A interesting feature of the Mark 38 GFCS and the Mark 8 rangekeeper is the ability for the system to operate in a closed loop, thus providing automatic feed back to quickly correct the variances in generated vs. observed values. One method is for the director itself to operated in generated mode where by the director automatically follows the target from training orders produced by the rangekeeper and the trainer only has to make corrections using his hand wheel as needed to track the target precisely. His corrections then modify observed deflection rate (director train) showing as an error on the deflection rate dial.
In addition, with the advent of the Mark 8 Mod 2 radar in late 1943,11 the radar range unit receives the generated range rate from the rangekeeper that controls the range line 12 on the radar display automatically. The rangekeeper operator has an auxiliary 3 inch (7.62 cm) scope that he monitors and, as he observes the range line separating from the base of the target pip, he can then modify the target speed and course to regain a proper track and thus maintain an accurate solution. As an additional duty to tracking the target, the operator applies spot corrections in both range and bearing that he receives orally from the primary spotter or gunnery officer.
While the tracking process is going on, the Mark 8 rangekeeper is constantly
producing gun orders directly to the turrets via synchroes for automatic
gun laying. It is important to understand that this is a continuous process,
even if few ranges were added manually, the instrument is constantly developing
gun orders. It is because of synchronous transmission and the stable vertical
that USN warships effectively had fully stabilized guns for firing in most
weather conditions or sea states.
Type 92 Shagekiban Analog Computer
The Aichi Clock Company first produced the Type 92 Shagekiban Low Angle analog computer in 1932. The most noticeable difference between the USN Mark 8 and the Type 92 Shagekiban is that the latter cannot perform all of the tasks of the USN Mark 8 by itself. Where the director and stable vertical in the USN Mark 38 GFCS are devices to gather data for the Mark 8, the Type 92 Shagekiban must rely on the Hoiban Director, and Sokutekiban to assist in making the necessary calculations. The Type 92 Shagekiban’s panel is arranged for the 7 operators particular needs, and can be broken down into three basic sections:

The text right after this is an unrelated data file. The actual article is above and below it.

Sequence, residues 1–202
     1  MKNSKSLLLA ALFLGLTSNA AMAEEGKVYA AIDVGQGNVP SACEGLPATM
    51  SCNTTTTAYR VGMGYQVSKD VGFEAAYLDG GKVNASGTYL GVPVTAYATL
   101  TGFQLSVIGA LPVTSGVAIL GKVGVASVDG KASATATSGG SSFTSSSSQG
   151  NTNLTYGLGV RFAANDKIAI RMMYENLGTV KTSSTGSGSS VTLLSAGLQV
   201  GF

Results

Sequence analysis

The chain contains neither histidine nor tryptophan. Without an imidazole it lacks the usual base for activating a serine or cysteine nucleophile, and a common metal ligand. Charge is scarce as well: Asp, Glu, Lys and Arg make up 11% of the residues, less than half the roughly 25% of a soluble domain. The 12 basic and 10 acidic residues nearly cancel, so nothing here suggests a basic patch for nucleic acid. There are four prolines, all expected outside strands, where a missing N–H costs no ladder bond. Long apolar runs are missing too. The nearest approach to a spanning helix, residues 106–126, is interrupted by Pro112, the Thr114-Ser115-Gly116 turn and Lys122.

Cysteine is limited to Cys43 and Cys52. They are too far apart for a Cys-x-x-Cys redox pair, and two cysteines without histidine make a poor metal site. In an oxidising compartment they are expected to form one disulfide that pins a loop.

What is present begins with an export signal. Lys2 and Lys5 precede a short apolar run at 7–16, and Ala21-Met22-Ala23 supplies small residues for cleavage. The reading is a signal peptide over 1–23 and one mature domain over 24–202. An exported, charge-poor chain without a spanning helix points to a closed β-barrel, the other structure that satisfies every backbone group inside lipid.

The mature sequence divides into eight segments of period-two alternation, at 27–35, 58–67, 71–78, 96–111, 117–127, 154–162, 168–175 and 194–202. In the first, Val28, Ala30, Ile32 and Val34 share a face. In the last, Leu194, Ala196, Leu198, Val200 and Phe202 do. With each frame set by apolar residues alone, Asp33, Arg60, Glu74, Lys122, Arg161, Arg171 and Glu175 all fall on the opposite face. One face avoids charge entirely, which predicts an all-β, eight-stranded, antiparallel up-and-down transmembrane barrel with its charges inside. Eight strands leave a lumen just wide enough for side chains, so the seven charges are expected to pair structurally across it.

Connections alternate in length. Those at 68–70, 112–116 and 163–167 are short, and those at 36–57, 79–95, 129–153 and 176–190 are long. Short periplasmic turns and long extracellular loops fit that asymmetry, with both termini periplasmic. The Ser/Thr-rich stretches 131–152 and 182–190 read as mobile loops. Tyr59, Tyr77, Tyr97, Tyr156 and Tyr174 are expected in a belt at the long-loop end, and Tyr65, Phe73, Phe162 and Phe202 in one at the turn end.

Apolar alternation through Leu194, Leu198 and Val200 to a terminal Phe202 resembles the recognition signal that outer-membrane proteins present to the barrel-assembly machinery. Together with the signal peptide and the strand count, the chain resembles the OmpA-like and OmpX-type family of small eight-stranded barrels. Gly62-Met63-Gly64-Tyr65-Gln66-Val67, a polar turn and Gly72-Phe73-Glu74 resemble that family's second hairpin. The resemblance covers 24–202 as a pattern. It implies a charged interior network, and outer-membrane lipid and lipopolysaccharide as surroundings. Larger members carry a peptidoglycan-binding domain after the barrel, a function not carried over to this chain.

The plotter has a similar use and function to the American system however it differs in that it also depicts bearing change vs. time (bearing rate).
Range Averaging Panel
This section is used by the operator to select best ranges from the various rangefinders.
This panel contains the heart of the panel and contains the following displays: 13
The Hosen Shiki Sochi (LA fire control system) is much more dependent on the operation of the Director than is the US system and essentially the functionality of the USN Mark 8 rangekeeper is split up between the Type 92 Shagekiban and the Type 94 Hoiban director along with its associated Type 92 Sokutekiban. The operation of the Shagekiban is therefore interrelated with its supporting instruments to a much larger degree than the USN rangekeeper.
The Shagekiban receives range information from the rangefinders and target course and speed information from the Sokutekiban. After receiving this information, the Shagekiban now has enough information to generate gun orders. These are then transmitted back to the director where calculations are made for roll in the line of sight, cross roll for elevation and train, and parallax. Once that is done, the director transmits the orders to the guns via a follow the pointer.
Type 92 Sokutekiban
The Sokutekiban is a device that is unique to the Imperial Fleet and has no equivalent to any other navy. Mounted aloft on the control deck, two decks down from the director, 14 this instrument is operated in a similar fashion to a director and is used to determine the target’s course and speed for the Shagekiban. The instrument requires an eight-man crew to operate, whose duties are as follows:
The instrument has two methods by which to calculate course and speed. The first is when the inclinometer is used to measure target course17 relative to own course. With the course established the speed can be solved; this is calculated with the formula (R + delta R) × sin delta B, 18 where:
R is the new range to the targetIf the target’s length is not known with enough confidence, then the calculations for course must be accomplished together with the afore mentioned velocity calculation. This is done using rate integrals along with a constant time mechanism to properly space the time of readings. 19
delta R is change in range
delta B is change in bearing
Now that the target’s course and speed have been calculated, they are
sent down to the Shagekiban for calculation of future target position.
Type 92 Shagekiban
The operation of the Type 92 Shagekiban computer is very similar to the operation of the Sokutekiban and requires a 7-man team to operate it, organized as follows: